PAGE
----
The global economy will grow at its fastest rate in a decade in 2018 – signalling its return to full health after the deepest world recession in a generation – but it might be foolhardy to grin too widely just yet.

With risks ranging from the tinderbox security situation on the Korean peninsula, to jitters over Beijing’s push for greater influence in China-based foreign firms, the “blue skies and sunshine” of brisk economic expansion could easily turn to “dark clouds and destructive storms”, the global risk consultancy Control Risks has said in its outlook report for the new year.

Like in the past 12 months, the combination of strong GDP growth and low interest rates would “fuel corporate profits and stock market highs” even as signs of imminent turmoil simmer in the background, the London-based firm said.

The report released on Monday did not provide a forecast for global growth but the International Monetary Fund in October said the world economy would grow 3.6 per cent this year and 3.7 per cent in 2018 – marking the fastest growth since 2010.

“Nevertheless, 2018 presents a series of complex issues that will test the mettle of leaders of all persuasions and the optimism of investors,” said Richard Fenning, the Singapore-based chief executive of Control Risks.

In Asia, the top risk emanates from North Korea’s nuclear ambitions.

“War on the Korean peninsula is extremely unlikely, at least intentionally,” the firm’s Northeast Asia expert Julia Coym wrote in the report.

“But if the risk of a calculated first strike has dropped, the risks of miscalculation and accidental escalation are the highest they’ve been since North Korean leader Kim Jong-un assumed power in December 2011 after his father’s death,” Coym said.

What would China do if North Korea and the United States go to war

One exit from the current stand off is a so-called “double freeze option”, in which the US and South Korea cease annual joint military drills in exchange for North Korea halting missile and nuclear tests.

But Coym said US President Donald Trump’s administration – which has voiced its vehement opposition to such a compromise – is unlikely to change that stance any time soon.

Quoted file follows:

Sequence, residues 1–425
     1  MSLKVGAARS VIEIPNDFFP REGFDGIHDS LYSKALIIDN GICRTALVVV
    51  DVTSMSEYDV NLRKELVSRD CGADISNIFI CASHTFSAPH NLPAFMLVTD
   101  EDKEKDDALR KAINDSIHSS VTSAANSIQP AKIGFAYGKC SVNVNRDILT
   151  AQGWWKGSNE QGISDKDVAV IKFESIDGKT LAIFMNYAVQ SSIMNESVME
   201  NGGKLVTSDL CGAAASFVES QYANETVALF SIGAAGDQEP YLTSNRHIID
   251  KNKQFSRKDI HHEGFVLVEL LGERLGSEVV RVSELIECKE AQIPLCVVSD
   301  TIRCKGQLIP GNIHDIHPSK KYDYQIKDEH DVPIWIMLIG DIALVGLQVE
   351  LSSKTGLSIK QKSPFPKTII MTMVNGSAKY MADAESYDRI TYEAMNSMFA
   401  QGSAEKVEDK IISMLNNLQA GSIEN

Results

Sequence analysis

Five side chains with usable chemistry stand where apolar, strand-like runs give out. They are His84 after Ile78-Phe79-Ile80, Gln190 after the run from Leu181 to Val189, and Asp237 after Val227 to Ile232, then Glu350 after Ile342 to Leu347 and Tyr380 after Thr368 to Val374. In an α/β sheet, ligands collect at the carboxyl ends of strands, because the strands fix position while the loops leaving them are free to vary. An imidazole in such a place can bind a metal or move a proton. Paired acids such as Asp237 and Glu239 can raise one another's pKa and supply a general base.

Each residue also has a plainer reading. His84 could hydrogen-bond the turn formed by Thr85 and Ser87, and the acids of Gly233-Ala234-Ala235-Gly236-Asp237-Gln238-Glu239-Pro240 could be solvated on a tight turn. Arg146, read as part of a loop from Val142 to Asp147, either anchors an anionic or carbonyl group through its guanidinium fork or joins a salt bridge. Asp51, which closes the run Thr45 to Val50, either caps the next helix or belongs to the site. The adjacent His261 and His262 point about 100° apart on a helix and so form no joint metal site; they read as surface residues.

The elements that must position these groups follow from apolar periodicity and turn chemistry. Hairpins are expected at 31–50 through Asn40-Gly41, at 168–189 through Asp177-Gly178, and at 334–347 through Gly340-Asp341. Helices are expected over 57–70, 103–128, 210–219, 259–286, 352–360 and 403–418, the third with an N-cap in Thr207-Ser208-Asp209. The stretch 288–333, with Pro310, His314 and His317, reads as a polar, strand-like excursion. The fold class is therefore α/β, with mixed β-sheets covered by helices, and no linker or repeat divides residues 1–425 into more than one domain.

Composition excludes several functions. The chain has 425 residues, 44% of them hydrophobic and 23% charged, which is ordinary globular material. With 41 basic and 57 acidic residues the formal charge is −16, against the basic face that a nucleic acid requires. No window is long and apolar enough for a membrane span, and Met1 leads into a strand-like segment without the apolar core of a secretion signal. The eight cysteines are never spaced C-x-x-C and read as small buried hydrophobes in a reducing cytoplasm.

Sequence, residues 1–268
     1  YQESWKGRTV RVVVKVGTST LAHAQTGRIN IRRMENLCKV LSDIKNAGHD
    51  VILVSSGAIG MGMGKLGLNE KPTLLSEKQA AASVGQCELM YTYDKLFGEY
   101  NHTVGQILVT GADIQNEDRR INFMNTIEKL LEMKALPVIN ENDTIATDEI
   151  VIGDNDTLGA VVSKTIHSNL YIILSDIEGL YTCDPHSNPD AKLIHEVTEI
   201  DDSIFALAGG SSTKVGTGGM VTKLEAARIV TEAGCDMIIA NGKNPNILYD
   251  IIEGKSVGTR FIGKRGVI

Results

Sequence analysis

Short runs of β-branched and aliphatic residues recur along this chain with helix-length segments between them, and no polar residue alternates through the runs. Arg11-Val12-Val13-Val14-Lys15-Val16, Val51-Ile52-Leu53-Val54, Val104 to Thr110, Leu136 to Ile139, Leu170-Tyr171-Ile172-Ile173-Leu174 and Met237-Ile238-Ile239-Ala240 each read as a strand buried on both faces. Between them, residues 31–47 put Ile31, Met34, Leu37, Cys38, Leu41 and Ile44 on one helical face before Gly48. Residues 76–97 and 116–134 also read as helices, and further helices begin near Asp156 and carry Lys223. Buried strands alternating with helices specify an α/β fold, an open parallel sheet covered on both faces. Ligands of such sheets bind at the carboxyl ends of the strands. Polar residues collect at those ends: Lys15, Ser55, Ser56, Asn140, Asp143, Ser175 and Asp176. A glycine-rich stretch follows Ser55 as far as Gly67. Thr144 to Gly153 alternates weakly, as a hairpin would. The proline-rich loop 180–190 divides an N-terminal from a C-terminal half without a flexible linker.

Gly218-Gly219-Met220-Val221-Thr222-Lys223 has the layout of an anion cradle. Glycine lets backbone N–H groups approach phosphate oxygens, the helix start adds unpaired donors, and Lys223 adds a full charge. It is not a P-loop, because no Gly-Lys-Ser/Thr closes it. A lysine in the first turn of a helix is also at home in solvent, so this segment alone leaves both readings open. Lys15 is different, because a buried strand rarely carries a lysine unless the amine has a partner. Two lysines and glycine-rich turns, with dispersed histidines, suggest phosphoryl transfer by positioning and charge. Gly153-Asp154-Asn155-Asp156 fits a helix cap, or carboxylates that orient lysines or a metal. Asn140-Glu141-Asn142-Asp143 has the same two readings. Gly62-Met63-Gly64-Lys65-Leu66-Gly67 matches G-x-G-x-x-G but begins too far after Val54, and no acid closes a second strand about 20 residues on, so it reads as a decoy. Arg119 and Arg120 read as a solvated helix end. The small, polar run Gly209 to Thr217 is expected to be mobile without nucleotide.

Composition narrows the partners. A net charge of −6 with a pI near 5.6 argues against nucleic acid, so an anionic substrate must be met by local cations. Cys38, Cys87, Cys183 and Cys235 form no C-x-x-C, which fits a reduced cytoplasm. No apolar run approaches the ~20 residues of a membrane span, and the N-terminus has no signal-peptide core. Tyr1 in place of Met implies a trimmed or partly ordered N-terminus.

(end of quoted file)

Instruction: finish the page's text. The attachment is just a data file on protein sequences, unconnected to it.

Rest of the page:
There is a possibility however that progress may be made if Pyongyang officials are convinced to sit down for talks.

“Multilateral negotiations are rarely about achieving a desirable outcome. More often they are about the dark arts of securing the least bad option,” Coym said. “In the case of North Korea, it is not yet clear what that least worst option might be.”


Across the Yalu river on the Chinese mainland, all eyes will be on growing pressure on foreign companies to “install ‘active’ Communist Party of China organisations within their ranks”, Control Risks said.

What happens to Chinese oil if US-North Korea war erupts?

The mainland’s company laws already require organisations with three or more members to have a resident Communist Party group.

Communist Party representation in China based multinational firms stands at around three per cent of the work force – compared to about six per cent in the wider population.

But while the rules have thus far been “mostly symbolic and lightly enforced”, the mood has changed following this year’s 19th Party Congress, according to the consultancy’s China expert Shawlin Chaw.

“There is sudden enthusiasm and motivation in the Communist Party to have such groups, with the tone being set from the top by President Xi Jinping himself,” said Chaw.

She added: “Going into 2018, there will be noticeably more politics in the Chinese operations of foreign businesses, whether via the influence of Communist Party workplace committees transmitting Beijing mood music – or potentially something more onerous – or new regulations capriciously enforced.”

Meanwhile India, Asia’s third largest economy, will need to grapple with modernising its economy without “being constrained by a swing to the conservative identity politics of Hindu nationalism and the politics of division,” Control Risks said.

Prime Minister Narendra Modi’s Hindu-nationalist Bharatiya Janata Party has been accused of not doing enough to curb discrimination against the country’s large Muslim minority.

As for Japan – sandwiched between India and China as Asia’s number two economy – the key challenge “remains in the implementation of structural reforms, opening up protected sectors and revitalising the ageing workforce,” the report said.

Malaysia, which will go to the polls next year, “will almost certainly” return Prime Minister Najib Razak and his ruling United Malay National Organisation (UMNO) to power, Control Risks said. “Nevertheless, behind this apparent predictability, maintaining this political machine is becoming ever more difficult for Najib amid persistent scandals, weakening institutions and increasing divisions within UMNO.”